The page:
Preventing AIDS and other STDs through condom promotion: a patient education intervention

Am J Public Health. 1989 Apr;79(4):453-8. doi: 10.2105/ajph.79.4.453.


We report on two studies that assessed the impact of a soap-opera style videotape on inner-city STD (sexually transmitted disease) patients' knowledge about and attitudes toward condom use, and willingness to redeem coupons for free condoms. Subjects in the first study who viewed the videotape (and participated in a brief oral recall session) had higher knowledge scores and more accepting attitudes than subjects who did not (knowledge test means of 11.1 versus 7.9, attitude index means of 13.0 versus 11.3). The intervention was most effective among those who were relatively poorly educated and, to a lesser extent, among those who reported less frequent use of condoms and fewer sex partners. In the second study, intervention group subjects were more likely than control group subjects to redeem coupons. Both groups exhibited a high level of interest in the free condoms. We argue that education and accessibility to free condoms can increase condom use and that health care providers have a vital role in promoting this form of STD prevention.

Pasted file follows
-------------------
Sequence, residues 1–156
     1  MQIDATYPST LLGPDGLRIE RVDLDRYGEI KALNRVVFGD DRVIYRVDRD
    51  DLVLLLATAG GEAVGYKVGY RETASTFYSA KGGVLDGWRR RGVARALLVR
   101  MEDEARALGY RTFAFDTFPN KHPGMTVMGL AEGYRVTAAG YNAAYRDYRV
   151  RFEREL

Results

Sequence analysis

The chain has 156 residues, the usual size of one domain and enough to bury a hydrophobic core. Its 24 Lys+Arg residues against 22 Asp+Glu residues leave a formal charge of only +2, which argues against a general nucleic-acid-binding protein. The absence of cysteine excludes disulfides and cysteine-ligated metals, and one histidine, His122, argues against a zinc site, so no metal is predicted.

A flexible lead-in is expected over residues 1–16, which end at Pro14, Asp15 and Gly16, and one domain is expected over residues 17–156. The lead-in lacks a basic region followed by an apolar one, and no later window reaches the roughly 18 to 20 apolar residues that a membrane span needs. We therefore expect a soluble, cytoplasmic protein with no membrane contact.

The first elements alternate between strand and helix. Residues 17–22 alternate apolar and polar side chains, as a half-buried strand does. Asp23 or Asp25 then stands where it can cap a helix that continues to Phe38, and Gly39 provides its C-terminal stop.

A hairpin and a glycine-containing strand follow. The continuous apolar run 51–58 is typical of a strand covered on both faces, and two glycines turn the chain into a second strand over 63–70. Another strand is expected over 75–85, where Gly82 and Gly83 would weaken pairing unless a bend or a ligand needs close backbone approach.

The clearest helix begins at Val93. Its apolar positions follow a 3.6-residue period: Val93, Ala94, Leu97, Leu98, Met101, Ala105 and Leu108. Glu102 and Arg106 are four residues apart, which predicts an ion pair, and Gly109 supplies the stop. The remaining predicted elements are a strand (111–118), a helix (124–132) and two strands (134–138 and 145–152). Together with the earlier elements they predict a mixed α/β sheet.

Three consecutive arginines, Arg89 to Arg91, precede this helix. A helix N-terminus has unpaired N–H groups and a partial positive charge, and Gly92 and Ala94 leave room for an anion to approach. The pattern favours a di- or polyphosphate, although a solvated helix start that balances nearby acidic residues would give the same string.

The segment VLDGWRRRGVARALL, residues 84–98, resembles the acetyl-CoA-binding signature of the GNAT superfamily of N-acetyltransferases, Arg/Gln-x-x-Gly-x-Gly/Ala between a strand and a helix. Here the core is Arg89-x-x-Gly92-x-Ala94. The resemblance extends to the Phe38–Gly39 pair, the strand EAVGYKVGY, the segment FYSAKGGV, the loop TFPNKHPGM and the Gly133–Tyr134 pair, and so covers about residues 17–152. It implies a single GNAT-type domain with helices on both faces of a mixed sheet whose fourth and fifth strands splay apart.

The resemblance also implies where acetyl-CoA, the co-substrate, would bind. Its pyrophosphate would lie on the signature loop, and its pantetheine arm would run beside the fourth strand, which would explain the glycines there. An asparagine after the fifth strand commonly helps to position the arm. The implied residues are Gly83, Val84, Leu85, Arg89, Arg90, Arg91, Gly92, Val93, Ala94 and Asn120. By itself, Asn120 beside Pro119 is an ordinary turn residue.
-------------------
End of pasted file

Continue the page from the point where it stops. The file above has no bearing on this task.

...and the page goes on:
Publication types

  • Clinical Trial
  • Controlled Clinical Trial
  • Randomized Controlled Trial
  • Research Support, Non-U.S. Gov't

MeSH terms

  • Acquired Immunodeficiency Syndrome / prevention & control*
  • Adult
  • Contraceptive Devices, Male*
  • Female
  • Health Promotion / methods*
  • Humans
  • Male
  • Middle Aged
  • Patient Education as Topic / methods*
  • Sexually Transmitted Diseases / prevention & control*
  • United States
  • Videotape Recording